CBC ad revenue spikes in 2016/2017

Revenues jumped 20.3%, largely thanks to the 2016 Rio Olympics, according to its annual report.

CBC/Radio-Canada has released its financials for the 2016/2017 year, with the pubcaster seeing a spike in advertising revenues.

The pubcaster saw a 20.3% spike in advertising revenues across its English and French services for the financial year ended March 31, 2017. The $50.7 million increase in revenue (to $300.6 million, up from $249.9 million last year) resulted from the broadcast of the Rio 2016 Olympic Games, according to the report. That said, advertising revenues from the pubcaster’s ongoing activities (aside from events) declined 0.7% overall, due to a 2.1% decline in TV advertising. That decline was offset, however, by higher digital advertising revenues.

Subscriber fees also fell 2.4% or $3.3 million relative to last year to $131 million. Fees for its subscription services (such as documentary channel, CBC News Network and ICI RDI) accounted for 8% of CBC’s overall revenue. “Subscriber fees are experiencing downward pressure from the continuing cord-cutting trend and the effects of recent regulatory changes enacted by the CRTC (affordable basic TV package, small TV packages and pick-and-pay TV channels),” the report states.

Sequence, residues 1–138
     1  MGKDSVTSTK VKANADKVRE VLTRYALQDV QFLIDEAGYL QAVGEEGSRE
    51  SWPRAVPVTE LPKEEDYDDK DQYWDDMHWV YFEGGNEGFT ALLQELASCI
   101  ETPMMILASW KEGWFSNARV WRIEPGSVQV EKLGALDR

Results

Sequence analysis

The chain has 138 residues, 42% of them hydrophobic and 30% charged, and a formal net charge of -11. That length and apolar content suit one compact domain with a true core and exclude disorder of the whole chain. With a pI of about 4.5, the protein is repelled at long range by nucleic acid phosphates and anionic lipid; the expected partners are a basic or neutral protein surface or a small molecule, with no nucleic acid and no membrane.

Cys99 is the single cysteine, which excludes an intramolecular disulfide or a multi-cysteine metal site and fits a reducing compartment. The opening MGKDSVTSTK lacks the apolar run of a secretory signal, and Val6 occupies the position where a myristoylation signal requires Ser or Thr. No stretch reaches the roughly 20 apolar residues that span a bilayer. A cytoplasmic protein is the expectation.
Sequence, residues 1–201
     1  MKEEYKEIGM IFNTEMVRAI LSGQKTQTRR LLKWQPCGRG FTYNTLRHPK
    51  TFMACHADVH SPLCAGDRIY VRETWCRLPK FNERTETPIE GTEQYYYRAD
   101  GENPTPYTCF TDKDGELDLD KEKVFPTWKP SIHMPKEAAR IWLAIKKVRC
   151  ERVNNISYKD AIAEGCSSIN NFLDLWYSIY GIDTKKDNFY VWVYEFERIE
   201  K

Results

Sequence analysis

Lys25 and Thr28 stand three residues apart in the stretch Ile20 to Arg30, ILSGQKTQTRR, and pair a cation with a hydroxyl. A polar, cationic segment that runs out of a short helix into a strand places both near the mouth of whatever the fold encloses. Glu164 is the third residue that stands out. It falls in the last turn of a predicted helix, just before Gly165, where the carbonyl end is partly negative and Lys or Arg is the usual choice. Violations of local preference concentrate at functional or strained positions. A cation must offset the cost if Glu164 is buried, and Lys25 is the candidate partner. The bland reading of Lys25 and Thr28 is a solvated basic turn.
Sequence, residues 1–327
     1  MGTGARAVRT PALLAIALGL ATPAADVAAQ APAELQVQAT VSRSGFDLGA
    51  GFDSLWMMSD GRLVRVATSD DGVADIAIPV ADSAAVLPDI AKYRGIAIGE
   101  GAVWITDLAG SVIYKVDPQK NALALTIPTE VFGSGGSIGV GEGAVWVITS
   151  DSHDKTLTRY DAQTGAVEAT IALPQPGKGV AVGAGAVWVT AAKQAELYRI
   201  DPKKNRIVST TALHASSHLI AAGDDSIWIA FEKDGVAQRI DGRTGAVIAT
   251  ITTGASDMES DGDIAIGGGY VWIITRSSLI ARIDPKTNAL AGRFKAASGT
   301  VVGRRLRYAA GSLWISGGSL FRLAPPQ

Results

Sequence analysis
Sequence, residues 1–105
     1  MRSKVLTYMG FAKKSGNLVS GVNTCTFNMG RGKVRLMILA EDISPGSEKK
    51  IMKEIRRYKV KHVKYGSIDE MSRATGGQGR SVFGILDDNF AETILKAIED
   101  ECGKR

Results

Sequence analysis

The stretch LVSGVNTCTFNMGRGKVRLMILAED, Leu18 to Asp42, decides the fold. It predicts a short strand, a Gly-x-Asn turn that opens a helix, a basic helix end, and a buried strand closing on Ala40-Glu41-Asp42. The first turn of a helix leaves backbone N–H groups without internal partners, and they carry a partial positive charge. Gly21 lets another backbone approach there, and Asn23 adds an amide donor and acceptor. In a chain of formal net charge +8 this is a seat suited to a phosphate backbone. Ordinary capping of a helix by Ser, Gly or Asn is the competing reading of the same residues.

The year also saw a sharp increase in programming spend, with the pubcaster spending $93.4 million on externally produced programs as of year end — a major increase from the $57.3 million it spent on externally produced content at the same point in 2016. The CBC also spent $4.8 million on internally produced completed programs, up from $3.7 million in 2016.

All told, the CBC brought in $556.9 million in revenues and $1.09 billion in government funding. Revenues were less than expenses, however, which hit $1.72 billion ($1.6 billion of which went to television, radio and digital services costs). After expenses and non-operating items, the CBC operated at a net loss of $7.8 million, 10.6% greater than the loss it incurred the previous year. “This increase reflects higher operating costs in 2016-2017, mainly programming related, as we reinvested in our content,” the report states.

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